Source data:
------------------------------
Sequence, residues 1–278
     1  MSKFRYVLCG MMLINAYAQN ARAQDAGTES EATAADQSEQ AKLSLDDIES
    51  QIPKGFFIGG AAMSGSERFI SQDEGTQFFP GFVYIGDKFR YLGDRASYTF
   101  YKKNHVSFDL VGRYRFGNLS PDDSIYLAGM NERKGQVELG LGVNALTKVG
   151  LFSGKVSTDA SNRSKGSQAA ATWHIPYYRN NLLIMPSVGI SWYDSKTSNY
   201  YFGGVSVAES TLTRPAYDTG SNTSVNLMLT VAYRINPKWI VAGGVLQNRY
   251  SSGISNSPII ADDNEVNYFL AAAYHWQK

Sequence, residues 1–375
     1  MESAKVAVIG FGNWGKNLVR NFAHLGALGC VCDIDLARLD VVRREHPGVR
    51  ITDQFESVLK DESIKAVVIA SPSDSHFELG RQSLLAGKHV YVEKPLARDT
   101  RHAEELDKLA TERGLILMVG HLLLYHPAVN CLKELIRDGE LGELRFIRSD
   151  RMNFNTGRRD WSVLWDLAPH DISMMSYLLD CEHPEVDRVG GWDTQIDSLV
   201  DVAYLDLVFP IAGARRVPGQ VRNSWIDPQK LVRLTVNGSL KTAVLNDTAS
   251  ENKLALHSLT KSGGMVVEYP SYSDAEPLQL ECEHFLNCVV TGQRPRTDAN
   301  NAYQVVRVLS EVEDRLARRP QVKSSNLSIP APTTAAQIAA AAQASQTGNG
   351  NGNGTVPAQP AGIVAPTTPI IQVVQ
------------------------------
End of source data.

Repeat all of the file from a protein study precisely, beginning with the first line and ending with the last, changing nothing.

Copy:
Sequence, residues 1–278
     1  MSKFRYVLCG MMLINAYAQN ARAQDAGTES EATAADQSEQ AKLSLDDIES
    51  QIPKGFFIGG AAMSGSERFI SQDEGTQFFP GFVYIGDKFR YLGDRASYTF
   101  YKKNHVSFDL VGRYRFGNLS PDDSIYLAGM NERKGQVELG LGVNALTKVG
   151  LFSGKVSTDA SNRSKGSQAA ATWHIPYYRN NLLIMPSVGI SWYDSKTSNY
   201  YFGGVSVAES TLTRPAYDTG SNTSVNLMLT VAYRINPKWI VAGGVLQNRY
   251  SSGISNSPII ADDNEVNYFL AAAYHWQK

Sequence, residues 1–375
     1  MESAKVAVIG FGNWGKNLVR NFAHLGALGC VCDIDLARLD VVRREHPGVR
    51  ITDQFESVLK DESIKAVVIA SPSDSHFELG RQSLLAGKHV YVEKPLARDT
   101  RHAEELDKLA TERGLILMVG HLLLYHPAVN CLKELIRDGE LGELRFIRSD
   151  RMNFNTGRRD WSVLWDLAPH DISMMSYLLD CEHPEVDRVG GWDTQIDSLV
   201  DVAYLDLVFP IAGARRVPGQ VRNSWIDPQK LVRLTVNGSL KTAVLNDTAS
   251  ENKLALHSLT KSGGMVVEYP SYSDAEPLQL ECEHFLNCVV TGQRPRTDAN
   301  NAYQVVRVLS EVEDRLARRP QVKSSNLSIP APTTAAQIAA AAQASQTGNG
   351  NGNGTVPAQP AGIVAPTTPI IQVVQ